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What’s next for Wi-Fi?

Jul 07, 20034 mins
Cellular NetworksRoutersWi-Fi

Expect reliable multimedia capability early next year.

Expect reliable multimedia capability early next year

In the home network industry, the next leg of the race is all about providing a reliable transport for multimedia — video and voice applications — an alternative to wired Ethernet. What’s at issue is the ability to provide quality of service (QoS) so those applications run reliably, with no jitter, frozen frames, echoes or dropped calls.

Back in February, the HomePlug Powerline Alliance announced the completion of the market requirements for its HomePlug AV spec for multimedia. But that really just kicked off a long process that won’t yield HomePlug AV products for nine to 14 months, the group says. Then in June, the Home Phoneline Networking Alliance announced it had completed its multimedia spec. And while a worthy accomplishment, not too many of us are jazzed up about running video and voice over phone lines. What we really want is to do is run multimedia over wireless — for the IEEE 802.11e Working Group to complete its QoS specification for 802.11b, 802.11a and 802.11g technologies. 

The 802.11e spec has been in the works for a few years, slowed by a religious war between two camps that want to provide QoS different ways. Although the lines aren’t drawn evenly, one camp roughly encompasses consumer electronics companies that want to stream video; the other is focused on providing voice. With the technology best suited to video, called “polled access,” the access point schedules time individually to each device on the network, based on its needs or required bandwidth.

With the other, called “enhanced distributed coordination function” (EDCF) data packets coming onto the network are tagged with a certain priority based on their purpose. An e-mail packet will have a low priority, a voice packet a higher one, a video packet a still higher one. The timers dole out numbers to packets based on function. Packets requiring very high availability, like video, get a lower number, which ensures they’ll have more frequent access to the network. Packets for Web browsing will get a higher number, which ensures they’ll wait a lot longer for a turn.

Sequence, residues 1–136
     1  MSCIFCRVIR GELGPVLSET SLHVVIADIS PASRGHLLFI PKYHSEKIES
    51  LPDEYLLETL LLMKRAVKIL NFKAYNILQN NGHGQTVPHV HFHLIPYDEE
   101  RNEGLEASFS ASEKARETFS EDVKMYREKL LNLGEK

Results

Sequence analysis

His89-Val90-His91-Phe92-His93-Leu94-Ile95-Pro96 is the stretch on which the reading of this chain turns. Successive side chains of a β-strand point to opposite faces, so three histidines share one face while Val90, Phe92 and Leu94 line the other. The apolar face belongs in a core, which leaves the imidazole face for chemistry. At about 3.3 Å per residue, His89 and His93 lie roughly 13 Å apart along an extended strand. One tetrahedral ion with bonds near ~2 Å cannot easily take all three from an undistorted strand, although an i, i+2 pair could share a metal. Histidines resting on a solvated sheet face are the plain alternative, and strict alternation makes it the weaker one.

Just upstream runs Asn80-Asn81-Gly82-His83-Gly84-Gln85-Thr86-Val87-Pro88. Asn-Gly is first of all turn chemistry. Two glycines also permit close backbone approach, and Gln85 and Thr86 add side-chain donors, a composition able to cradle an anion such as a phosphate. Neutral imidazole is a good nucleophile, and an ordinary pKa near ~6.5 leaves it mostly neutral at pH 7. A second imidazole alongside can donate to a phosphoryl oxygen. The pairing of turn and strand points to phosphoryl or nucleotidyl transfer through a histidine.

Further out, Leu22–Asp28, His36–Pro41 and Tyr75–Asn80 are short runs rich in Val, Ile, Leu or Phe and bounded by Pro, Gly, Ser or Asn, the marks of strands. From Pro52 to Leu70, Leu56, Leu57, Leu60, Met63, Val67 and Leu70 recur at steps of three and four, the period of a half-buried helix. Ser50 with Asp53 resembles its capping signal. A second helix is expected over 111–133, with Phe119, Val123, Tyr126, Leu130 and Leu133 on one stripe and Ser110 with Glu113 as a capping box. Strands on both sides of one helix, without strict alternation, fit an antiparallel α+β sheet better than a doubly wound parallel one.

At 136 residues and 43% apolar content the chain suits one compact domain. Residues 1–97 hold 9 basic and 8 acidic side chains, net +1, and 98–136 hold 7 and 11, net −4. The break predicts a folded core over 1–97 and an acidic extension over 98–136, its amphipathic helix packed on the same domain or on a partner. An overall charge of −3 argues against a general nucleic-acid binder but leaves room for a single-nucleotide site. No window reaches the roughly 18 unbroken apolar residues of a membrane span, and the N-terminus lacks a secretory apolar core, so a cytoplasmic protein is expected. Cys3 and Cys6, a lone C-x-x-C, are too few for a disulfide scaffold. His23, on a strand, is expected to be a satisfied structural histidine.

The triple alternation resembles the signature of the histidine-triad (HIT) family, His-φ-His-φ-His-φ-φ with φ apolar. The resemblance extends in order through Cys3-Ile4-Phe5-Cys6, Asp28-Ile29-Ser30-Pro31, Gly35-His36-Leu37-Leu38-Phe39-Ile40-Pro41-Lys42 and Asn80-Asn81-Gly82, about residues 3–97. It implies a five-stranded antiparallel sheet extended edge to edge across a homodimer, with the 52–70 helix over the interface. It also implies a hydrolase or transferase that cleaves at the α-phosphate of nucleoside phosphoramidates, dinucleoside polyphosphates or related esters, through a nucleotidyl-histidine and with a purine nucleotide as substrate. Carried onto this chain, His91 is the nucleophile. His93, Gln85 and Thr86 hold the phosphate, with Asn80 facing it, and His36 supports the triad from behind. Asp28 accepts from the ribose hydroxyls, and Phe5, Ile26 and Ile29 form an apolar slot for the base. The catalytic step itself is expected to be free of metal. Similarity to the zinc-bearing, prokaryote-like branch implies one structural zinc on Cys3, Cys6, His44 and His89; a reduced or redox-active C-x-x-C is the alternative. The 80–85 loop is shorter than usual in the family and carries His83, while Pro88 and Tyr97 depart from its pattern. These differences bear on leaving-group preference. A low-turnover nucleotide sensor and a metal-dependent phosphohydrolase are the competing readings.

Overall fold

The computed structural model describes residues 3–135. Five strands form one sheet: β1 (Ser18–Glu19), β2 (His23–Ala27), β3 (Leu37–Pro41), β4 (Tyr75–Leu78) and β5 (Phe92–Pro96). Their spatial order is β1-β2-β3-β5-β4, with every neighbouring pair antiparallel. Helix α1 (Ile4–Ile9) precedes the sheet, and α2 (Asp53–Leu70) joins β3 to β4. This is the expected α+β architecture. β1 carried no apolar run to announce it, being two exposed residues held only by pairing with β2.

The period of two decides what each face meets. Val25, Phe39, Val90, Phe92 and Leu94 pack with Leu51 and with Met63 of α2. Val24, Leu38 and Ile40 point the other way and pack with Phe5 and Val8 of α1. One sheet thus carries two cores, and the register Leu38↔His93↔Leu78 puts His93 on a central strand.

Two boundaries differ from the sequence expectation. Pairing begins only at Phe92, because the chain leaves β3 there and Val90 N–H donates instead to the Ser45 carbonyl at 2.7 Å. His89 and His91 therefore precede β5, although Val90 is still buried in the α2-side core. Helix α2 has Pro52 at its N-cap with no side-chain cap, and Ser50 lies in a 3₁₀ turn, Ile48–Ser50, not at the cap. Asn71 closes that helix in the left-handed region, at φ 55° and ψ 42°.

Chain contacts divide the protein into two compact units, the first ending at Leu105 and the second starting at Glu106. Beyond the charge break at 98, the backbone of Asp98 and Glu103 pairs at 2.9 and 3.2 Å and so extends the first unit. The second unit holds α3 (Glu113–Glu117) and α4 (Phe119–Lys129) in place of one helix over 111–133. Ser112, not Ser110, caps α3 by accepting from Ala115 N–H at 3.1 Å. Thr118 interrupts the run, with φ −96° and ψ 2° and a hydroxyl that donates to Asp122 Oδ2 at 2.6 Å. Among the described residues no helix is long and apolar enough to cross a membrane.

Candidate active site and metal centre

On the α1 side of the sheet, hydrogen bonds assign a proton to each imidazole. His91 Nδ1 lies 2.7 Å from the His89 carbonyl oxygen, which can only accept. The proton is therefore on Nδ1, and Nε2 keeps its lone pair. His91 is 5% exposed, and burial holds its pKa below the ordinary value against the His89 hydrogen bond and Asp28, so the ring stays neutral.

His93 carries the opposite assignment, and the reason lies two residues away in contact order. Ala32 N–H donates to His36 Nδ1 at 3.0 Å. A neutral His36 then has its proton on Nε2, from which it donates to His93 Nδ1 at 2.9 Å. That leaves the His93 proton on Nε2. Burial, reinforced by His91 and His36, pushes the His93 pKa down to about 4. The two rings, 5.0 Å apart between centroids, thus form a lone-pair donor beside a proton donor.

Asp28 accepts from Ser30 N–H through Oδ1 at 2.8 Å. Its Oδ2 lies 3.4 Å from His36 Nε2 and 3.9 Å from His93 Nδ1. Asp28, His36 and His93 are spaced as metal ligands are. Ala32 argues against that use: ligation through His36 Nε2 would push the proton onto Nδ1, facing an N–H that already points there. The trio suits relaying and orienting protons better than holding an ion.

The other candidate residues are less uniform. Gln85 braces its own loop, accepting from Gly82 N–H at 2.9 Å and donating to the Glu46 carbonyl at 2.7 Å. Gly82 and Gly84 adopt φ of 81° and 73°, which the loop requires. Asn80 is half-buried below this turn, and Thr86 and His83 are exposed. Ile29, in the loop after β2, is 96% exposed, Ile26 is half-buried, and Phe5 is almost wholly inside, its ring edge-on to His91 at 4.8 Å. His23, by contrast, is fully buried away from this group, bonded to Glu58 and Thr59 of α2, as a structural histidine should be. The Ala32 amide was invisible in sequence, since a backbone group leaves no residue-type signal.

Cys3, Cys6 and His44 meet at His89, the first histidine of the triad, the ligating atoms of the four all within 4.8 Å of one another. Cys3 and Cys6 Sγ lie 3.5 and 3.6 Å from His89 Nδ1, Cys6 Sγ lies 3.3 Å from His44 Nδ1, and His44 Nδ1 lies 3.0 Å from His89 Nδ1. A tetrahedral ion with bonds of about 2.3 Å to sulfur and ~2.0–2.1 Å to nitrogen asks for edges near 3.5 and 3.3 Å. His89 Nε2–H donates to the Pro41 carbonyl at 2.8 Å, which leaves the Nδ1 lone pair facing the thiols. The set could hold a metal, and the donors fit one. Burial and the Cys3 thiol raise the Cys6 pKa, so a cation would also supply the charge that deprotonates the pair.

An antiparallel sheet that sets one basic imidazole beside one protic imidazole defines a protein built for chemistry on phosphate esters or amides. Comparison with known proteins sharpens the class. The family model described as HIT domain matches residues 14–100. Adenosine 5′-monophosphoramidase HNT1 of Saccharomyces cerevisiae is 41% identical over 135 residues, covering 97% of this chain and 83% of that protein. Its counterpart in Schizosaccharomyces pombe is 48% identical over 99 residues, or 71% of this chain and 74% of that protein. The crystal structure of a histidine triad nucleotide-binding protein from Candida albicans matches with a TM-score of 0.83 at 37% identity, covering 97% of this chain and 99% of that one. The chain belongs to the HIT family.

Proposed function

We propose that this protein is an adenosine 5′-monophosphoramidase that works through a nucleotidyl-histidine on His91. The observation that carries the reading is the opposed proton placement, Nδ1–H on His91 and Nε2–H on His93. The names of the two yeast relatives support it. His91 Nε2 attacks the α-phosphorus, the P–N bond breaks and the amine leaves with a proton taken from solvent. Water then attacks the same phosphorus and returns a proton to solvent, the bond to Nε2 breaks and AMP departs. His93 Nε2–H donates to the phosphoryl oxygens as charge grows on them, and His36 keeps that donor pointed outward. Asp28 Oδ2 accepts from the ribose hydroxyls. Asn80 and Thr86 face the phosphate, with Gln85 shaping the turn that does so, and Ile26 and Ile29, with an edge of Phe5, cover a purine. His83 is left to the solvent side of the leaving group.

The bottom line is that the polled access method gives the data a 100% guarantee of service, but it’s quite difficult to do. EDCF provides about a 95% guarantee of service and is simpler to do. The video folks favor polled access; the voice folks favor EDCF. That’s what all the fuss has been about.

The good news is that a compromise has finally been reached. Wi-Fi Alliance President Dennis Eaton says the 802.11e spec should be completed in January or February 2004. (I could argue these folks knew the market wasn’t yet ready for multimedia, allowing them to argue as long as it was practical.)

The compromise involves a hybrid of polled access and EDCF, a solution that could end up causing confusion among users. 

Eaton says for vendors to comply with the spec, they must include EDCF, but parts of the polled access technology are optional. Optional means a device on the network must be able to respond to a request for polled access capability, but they don’t have to support it. What that means in real world usage who can say? Will polled access — the slightly higher degree of reliability — be a feature end users can enable on their access points? Will it be a feature vendors will use to differentiate themselves? Will we see 802.11a/b/g products “for voice” or “for video”?

“This is the real challenge for vendors and the Wi-Fi Alliance,” Eaton says.

Once 802.11e is completed, you should be able to add it to your existing equipment via a firmware upgrade. Eaton says we’ll first see 802.11e products in the enterprise — in Wi-Fi handsets — then in consumer products, perhaps in the form of consumer grade handsets.

Wi-Fi Alliance